Bedbugs (Cimex lectularius and C. hemipterus) have reemerged as a major public health problem around the world. Their bites cause various skin lesions as well as discomfort and anxiety. Their role as potential vectors of various infectious agents is discussed. Accordingly, all suspected cases of bedbug infestations need to be documented thoroughly, with an unequivocal identification of the arthropods involved, if any are present. Although morphological identification is easily and quickly performed by entomologists or professionals, it can be challenging otherwise. Also, distinguishing Cimex lectularius and C. hemipterus requires entomological expertise. MALDI-TOF mass spectrometry has been recently presented as an additional tool for arthropod identification. In this study, we assess the use of MALDI-TOF MS for the identification of laboratory and wild strains of C. lectularius and C. hemipterus. Several body parts of laboratory reared C. lectularius specimens were used to develop a MALDI-TOF MS protocol for bedbug identification, which was later validated using five other laboratory and wild populations of C. hemipterus and C. lectularius. A total of 167C. lectularius and C. hemipterus bedbug specimens (98 laboratory specimens and 69 wild specimens) were submitted to MALDI-TOF MS analysis. 143/167 (85.63%) provided high quality MS spectra. The in-lab database was then upgraded with a total of 20 reference spectra from all bedbug populations and the rest of the MS spectra (123 bedbugs) were blind tested. All specimens were properly identified to the species level using MALDI-TOF MS and 86,25% (69/80) were aptly identified according to their origin with LSVs ranging from 1.867 to 2.861. MALDI-TOF MS appears as a reliable additional tool for the identification of these two anthropophilic species.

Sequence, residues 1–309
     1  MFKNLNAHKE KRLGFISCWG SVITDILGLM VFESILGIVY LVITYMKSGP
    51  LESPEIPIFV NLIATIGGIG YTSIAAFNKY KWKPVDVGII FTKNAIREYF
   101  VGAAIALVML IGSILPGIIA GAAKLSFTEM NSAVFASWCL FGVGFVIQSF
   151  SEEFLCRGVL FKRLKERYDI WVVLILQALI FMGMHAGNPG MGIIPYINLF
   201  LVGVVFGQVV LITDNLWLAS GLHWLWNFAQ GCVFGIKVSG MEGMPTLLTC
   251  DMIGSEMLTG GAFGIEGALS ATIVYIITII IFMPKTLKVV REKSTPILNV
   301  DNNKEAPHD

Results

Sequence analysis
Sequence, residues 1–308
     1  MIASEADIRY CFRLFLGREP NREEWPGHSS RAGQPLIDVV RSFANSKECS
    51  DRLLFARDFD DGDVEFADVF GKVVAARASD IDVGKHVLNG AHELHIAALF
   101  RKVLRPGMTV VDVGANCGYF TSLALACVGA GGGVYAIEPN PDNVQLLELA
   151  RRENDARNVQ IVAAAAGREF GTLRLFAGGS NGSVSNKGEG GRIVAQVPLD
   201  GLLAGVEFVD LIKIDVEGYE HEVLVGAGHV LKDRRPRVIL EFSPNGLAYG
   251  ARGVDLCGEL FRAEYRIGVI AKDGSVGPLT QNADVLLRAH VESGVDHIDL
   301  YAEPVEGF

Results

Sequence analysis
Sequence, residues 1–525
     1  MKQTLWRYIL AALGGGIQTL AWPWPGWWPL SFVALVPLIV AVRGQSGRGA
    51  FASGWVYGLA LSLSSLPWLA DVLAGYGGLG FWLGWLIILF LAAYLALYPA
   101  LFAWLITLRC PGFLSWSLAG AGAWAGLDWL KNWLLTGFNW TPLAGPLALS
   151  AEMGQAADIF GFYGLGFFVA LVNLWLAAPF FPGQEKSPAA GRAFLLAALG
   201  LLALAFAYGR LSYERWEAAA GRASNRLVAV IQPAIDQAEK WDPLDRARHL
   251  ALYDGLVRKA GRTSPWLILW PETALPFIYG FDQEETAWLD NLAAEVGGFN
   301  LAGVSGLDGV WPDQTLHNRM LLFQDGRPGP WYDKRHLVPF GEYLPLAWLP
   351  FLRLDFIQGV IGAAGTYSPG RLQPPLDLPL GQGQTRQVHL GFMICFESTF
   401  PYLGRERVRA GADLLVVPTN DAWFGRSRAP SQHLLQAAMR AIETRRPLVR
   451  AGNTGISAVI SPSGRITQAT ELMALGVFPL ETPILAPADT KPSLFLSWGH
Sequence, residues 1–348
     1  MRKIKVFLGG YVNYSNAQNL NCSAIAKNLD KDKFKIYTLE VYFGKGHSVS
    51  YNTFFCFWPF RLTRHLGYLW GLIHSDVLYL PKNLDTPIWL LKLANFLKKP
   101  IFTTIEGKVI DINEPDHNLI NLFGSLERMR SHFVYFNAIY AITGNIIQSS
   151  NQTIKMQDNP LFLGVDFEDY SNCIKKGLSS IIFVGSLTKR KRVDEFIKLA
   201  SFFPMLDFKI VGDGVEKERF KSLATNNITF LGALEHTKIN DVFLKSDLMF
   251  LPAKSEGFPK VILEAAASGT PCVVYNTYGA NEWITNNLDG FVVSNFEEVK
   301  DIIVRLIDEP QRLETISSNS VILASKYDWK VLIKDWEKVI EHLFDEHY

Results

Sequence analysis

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http://dx.doi.org/10.1016/j.meegid.2020.104536DOI Listing
November 2020

Gastrointestinal symptoms and the acquisition of enteric pathogens in Hajj pilgrims: a 3-year prospective cohort study.

Eur J Clin Microbiol Infect Dis 2021 Feb 11;40(2):315-323. Epub 2020 Sep 11.

Aix Marseille University, IRD, AP-HM, SSA, VITROME, Marseille, France.